When I sat in the old copper beech tree, surrounded by the hopeful carvings of many human persons, I was reminded of the runes, the early carved alphabet of the Germanic languages. I had earlier taken up the study of runes, because I was curious about the culture and spirituality of my ancient Germanic ancestors. The traditional way of making runes is to carve them into small staves of wood cut from the branch of a fruit bearing tree. The rune letters themselves are sharp and angular, revealing their origins in the markings that blades can make in wood. Each of the rune letters is a symbol of some sacred power in the German understanding of the universe.
Runes were used for magic, for divination, and for communicating with sacred forces. According to some German and Norse myths, the runes were given to the God Odin, after he hung suspended for nine days and nine nights on the sacred tree of the world, Yggdrasil. Odin then shared the runes with humankind. The runes were a gift from a holy tree.
Two of the runes are specifically linked to trees. Eiwaz represents the yew tree and Berkana, the birch tree. The yew tree is a symbol for Yggdrasil and is linked to death and the everlasting realm beyond death. The tree is poisonous and its wood was used to make long bows for hunting and war. It lives to be perhaps the oldest tree we know. There is a yew tree called the Fortingall yew, which is situated in a churchyard in Perthshire, Scotland. It is believed to be the most ancient tree in Europe, between two and five thousand years old.
The birch tree, on the other hand, is linked to birth and beginnings. It is one of the first trees to grow in an area after a fire has destroyed its vegetation. Birch branches were used in cheerful springtime rituals, a symbol of new life and the fruitfulness of spring. When Margy and I were looking for a home in Maine, we were feeling discouraged after May and June had passed without our finding anything. We did a reading of the runes, and pulled out Berkana—the birch tree rune. It could be read as a great indicator of prosperous new beginnings coming into our life. But we also decided to take it more literally.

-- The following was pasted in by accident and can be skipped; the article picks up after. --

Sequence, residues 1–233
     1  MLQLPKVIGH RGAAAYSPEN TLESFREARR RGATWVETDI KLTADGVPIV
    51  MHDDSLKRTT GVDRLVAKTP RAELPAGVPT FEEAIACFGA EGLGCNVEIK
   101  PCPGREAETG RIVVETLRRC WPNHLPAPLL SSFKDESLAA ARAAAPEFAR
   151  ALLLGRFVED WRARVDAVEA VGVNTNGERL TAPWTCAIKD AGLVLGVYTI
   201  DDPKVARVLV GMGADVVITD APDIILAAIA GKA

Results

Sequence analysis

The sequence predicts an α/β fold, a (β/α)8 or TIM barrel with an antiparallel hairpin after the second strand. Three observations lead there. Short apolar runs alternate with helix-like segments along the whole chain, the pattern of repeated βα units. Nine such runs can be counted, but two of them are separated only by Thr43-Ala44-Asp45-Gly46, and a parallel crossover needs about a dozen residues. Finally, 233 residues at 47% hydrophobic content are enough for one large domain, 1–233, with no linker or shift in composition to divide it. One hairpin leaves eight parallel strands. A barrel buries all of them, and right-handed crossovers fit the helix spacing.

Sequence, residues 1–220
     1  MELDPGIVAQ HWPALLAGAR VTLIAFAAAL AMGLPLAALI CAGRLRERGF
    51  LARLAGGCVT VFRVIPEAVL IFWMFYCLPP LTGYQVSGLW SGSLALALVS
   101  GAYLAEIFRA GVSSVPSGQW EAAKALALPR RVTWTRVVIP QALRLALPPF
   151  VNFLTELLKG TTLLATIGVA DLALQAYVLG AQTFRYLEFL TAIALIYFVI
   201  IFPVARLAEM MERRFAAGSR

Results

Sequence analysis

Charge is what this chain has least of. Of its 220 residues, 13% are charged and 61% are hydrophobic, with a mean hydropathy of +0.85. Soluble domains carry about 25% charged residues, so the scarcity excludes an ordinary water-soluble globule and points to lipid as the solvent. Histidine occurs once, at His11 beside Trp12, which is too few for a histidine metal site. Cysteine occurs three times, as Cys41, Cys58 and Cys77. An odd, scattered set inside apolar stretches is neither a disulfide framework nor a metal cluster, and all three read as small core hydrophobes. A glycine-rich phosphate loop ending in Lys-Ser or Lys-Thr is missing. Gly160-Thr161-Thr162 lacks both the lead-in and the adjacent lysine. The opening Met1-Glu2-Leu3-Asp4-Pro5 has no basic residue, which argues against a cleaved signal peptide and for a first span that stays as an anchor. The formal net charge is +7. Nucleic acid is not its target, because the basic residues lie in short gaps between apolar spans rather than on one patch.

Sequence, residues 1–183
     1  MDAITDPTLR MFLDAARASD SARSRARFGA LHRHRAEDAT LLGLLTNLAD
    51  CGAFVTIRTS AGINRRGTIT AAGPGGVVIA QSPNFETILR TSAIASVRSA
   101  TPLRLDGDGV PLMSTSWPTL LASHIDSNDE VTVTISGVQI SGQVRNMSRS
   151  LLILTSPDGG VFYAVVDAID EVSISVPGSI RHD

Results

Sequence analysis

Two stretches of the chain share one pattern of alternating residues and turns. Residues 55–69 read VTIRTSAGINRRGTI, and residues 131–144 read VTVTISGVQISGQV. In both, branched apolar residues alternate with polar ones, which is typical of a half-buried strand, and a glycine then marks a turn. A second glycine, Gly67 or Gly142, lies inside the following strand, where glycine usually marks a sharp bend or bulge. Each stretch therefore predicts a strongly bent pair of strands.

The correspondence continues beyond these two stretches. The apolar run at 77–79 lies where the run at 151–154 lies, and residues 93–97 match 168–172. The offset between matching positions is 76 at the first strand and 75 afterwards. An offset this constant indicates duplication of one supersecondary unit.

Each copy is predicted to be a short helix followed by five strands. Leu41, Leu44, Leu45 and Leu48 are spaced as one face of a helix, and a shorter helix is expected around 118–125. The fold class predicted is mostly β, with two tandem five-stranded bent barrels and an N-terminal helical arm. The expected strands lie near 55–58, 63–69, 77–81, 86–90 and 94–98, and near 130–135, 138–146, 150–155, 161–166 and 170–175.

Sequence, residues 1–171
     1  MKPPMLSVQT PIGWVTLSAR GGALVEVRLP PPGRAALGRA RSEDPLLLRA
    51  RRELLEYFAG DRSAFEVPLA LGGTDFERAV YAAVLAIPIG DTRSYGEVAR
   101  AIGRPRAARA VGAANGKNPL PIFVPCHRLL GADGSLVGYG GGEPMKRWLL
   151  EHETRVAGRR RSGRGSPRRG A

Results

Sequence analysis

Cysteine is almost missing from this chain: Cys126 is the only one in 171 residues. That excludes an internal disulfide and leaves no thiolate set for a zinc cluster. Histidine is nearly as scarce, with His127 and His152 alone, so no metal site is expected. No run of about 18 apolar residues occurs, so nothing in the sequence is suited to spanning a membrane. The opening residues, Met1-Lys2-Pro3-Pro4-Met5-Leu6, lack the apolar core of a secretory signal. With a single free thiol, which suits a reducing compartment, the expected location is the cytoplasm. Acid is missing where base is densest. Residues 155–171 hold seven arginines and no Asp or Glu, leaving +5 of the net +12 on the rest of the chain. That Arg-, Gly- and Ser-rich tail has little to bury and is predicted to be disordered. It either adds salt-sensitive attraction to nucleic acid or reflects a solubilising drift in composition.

We began to look for houses that had anything to do with birch trees. We noticed an ad for a house on Birchwood Road, and saw another house described as having birch cabinets, and a few others like that. So we came up the last weekend in July to check them out, and then found another house in the newspaper on the last day. The backyard turned out to be full of birch trees. It was also just what we were looking for.
Some people believe that the runes communicate magic messages. But what strikes me most powerfully about the runes is the magic of written language itself. What an uncanny ability it must have been at first—to communicate across distance or time in a way that talking could never match. The root of the word “rune” implies secret or hidden. A message could be carved out by one who knew the runes, and—sent via a messenger who did not know the message—it could be understood by another person far away. The ability of rune readers to communicate in silence with each other would have appeared magical to anyone who witnessed it. These messages could even endure beyond the death of their creators, to be received by those who came after. We have forgotten to be in awe of that power.